This series of articles begins my coverage of the Shellie Zimmerman prosecution for perjury.  To understand that prosecution, you must understand the background of the charge.  To that end, you absolutely must read Update 10 (They Did What?) and particularly Update 12 (Perjury And–Perjury?) if you have not done so already.  Those two updates explain the factual basis–or as in the prosecution of George Zimmerman, the lack of factual basis–for the charge.

I’ll keep this article very brief so you have the time to read Updates 10 and 12.  As you do, keep in mind these essential factors:

(1) Shellie’s arrest was probably the result of an after-the-fact perjury trap.  I suspect the prosecutors, only after Shellie’s testimony, essentially said, “hey!  We can make it look like she lied and use her as leverage against George!”  It’s possible this was a planned perjury trap from the beginning, but I tend to accord the prosecution less credit for intelligence now that I know them better.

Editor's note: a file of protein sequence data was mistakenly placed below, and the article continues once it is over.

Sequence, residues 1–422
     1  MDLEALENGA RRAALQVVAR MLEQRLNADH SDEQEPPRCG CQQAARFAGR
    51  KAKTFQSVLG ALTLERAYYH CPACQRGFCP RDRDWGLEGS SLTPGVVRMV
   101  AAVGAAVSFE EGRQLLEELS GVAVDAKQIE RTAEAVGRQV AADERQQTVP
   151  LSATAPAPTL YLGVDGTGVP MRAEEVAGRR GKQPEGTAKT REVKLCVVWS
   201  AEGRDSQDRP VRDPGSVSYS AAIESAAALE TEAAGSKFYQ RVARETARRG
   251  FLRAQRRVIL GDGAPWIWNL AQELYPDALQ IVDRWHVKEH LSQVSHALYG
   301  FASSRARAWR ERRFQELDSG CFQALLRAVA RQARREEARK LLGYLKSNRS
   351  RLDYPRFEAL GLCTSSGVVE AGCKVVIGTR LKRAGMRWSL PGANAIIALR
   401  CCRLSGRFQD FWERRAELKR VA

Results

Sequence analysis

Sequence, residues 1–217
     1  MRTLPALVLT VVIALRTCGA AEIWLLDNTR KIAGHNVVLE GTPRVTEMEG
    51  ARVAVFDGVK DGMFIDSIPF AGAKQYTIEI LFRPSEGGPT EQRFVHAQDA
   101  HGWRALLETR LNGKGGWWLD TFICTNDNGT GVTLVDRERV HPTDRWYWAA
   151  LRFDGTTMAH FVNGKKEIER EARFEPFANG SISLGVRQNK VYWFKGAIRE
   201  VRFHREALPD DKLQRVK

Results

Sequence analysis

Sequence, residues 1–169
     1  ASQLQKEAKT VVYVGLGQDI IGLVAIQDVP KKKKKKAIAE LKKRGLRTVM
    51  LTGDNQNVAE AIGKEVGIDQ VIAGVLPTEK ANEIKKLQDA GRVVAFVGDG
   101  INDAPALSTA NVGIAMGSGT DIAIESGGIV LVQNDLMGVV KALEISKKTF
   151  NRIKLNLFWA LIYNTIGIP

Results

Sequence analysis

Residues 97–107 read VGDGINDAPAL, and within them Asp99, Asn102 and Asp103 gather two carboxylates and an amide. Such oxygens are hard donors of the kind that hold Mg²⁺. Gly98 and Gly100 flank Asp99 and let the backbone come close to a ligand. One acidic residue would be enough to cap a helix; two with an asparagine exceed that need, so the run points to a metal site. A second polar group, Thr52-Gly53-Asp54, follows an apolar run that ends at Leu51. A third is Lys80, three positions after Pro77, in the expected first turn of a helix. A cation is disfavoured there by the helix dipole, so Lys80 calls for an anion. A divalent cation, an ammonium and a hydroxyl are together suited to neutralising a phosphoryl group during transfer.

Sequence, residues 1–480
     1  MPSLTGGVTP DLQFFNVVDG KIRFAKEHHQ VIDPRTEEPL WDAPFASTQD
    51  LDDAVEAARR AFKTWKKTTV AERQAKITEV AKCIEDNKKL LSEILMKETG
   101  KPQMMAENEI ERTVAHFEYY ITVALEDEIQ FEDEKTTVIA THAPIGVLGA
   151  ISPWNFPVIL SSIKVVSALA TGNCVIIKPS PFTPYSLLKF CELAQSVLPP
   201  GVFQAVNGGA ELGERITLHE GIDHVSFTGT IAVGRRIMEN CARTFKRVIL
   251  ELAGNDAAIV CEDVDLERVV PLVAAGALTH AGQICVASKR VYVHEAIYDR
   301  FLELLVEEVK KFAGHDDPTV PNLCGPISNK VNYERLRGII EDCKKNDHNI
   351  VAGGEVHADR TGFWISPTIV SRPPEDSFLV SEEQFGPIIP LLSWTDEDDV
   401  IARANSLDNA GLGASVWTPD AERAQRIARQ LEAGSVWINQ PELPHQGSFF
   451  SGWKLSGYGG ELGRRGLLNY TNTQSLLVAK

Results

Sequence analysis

(2) As with the affidavit in George’s case, the affidavit for perjury has no probable cause.  As you read it and my commentary in Update 12–and read the actual affidavit–ask this question:  Where is the specific false statement made by Shellie Zimmerman, a provably false statement she believed to be false as she made it?  These are two essential elements of the offense, neither of which is satisfied (nor is the requirement that the alleged false statement–which is never identified–be material and relating to objective fact).  Update 12 explains Florida’s perjury statute in detail.

As always, thanks for reading, and I’ll follow with an article to bring you up to date with this aspect of the case very soon.